Monuments and azulejos by Lisbon Art Memories
A Group dedicated to Lisbon’s monuments and azulejosis run by Fernando Oliveira, a college professor of History and Portuguese. He runs it with the invaluable help of his wife, Maria de Jesus, an associate professor of Português. They met in Lisbon and share a love for this city.
Felicitas Iulia Olisipotheatre– Rua de S. Mamede, 3
If you want to imagine, the ancient Roman Lisbon, just go up São Mamede ao Caldas street, where you’ll find the ruins of the Roman theatre. It dates back to the first century of our era, and it’s one of the last surviving examples of its kind in Europe. It was discovered when the city was being rebuilt, back in 1755, and it reveals the strong Roman influence in this key imperial city called Olisipo.
São Jorge Castle– Rua de Santa Cruz do Castelo
It’s not really an ancient city if you don’t have a castle to explore. Climbing on foot through narrow alleys, cobblestone streets and up steps, fighting against the old hill’s steep slope, you’ll find the Castle of Saint George. This is the most visited monument in the country and it overlooks the whole city and its neighbouring lands. The castle was built by the maghrebi people known throughout the peninsula as the Moors, halfway through the 11th century. After Afonso Henriques, the first King of Portugal, conquered the castle in 1147 with the help of crusaders on their way to the Holy Land, the construction was reformed into a more Medieval style.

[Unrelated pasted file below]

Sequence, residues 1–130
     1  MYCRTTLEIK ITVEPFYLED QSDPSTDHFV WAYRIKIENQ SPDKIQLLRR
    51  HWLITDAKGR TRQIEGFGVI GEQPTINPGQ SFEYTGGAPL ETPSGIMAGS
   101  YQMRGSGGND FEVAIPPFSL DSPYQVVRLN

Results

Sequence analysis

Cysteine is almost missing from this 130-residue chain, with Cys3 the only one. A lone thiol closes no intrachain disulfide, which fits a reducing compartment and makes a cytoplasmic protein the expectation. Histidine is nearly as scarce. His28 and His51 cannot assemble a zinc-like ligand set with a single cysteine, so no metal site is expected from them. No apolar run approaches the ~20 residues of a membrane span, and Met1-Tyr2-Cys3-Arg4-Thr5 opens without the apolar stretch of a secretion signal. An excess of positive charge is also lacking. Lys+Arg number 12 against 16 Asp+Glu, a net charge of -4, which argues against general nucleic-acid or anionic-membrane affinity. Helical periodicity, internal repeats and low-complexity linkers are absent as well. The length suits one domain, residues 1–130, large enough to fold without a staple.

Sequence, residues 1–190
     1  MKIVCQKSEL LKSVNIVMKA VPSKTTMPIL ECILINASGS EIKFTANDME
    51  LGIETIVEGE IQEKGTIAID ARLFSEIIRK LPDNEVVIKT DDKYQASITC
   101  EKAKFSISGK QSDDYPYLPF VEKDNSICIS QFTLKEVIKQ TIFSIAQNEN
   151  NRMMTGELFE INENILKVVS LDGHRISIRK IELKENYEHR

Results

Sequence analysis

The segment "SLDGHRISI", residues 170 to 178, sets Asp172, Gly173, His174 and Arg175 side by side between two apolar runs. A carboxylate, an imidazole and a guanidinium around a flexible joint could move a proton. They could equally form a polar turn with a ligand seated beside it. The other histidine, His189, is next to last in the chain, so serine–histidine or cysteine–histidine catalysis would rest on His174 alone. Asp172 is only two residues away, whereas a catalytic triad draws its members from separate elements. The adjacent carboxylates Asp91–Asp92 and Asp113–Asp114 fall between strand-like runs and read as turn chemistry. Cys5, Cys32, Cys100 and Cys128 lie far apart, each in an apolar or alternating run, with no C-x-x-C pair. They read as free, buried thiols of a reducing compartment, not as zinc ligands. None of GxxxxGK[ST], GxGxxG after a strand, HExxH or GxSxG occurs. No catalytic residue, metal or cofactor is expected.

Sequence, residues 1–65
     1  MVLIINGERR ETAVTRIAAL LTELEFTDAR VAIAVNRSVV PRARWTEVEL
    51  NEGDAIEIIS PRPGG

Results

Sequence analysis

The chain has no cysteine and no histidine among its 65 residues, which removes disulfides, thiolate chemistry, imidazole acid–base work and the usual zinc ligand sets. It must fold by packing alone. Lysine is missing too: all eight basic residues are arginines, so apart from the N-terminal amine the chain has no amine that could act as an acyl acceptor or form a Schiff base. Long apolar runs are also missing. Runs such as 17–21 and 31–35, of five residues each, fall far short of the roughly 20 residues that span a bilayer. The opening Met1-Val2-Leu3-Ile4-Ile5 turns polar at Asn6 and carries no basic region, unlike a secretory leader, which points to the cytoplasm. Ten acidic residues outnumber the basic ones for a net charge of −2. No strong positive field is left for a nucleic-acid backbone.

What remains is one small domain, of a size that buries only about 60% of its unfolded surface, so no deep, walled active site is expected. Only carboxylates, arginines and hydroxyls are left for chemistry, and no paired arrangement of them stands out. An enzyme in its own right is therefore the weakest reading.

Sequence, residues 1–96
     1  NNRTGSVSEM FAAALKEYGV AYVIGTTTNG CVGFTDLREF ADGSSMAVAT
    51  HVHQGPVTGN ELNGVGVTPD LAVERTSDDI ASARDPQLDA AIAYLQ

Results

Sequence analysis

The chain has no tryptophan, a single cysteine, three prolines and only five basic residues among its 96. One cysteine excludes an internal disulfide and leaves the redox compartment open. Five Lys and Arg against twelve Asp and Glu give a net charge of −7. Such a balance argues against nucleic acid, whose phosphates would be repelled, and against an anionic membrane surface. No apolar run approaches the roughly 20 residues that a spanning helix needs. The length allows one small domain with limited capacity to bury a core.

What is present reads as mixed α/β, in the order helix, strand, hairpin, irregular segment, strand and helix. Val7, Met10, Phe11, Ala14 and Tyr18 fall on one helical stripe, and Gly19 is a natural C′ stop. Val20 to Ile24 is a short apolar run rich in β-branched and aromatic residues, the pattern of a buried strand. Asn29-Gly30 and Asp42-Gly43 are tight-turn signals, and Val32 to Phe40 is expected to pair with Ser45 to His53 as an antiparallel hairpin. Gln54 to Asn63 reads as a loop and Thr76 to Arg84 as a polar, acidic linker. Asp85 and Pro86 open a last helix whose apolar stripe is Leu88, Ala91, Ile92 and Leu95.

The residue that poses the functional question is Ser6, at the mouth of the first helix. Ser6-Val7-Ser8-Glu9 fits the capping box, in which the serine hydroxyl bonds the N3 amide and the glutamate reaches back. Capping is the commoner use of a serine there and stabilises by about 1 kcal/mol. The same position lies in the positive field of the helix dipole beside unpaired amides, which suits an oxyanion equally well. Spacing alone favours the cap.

Mosteiro dos Jerónimos–Praça do Império
This UNESCO World Heritage site is also known as the Monastery of Santa Maria de Belém. Construction of the building was begun in the early 16th century, as a way to enhance the King, Manuel I, and to affirm Portugal as a naval power. Inside, you can visit the tombs of national heroes Camões, Vasco da Gama, and Fernando Pessoa.
Igreja de São Roque – Largo Trindade Coelho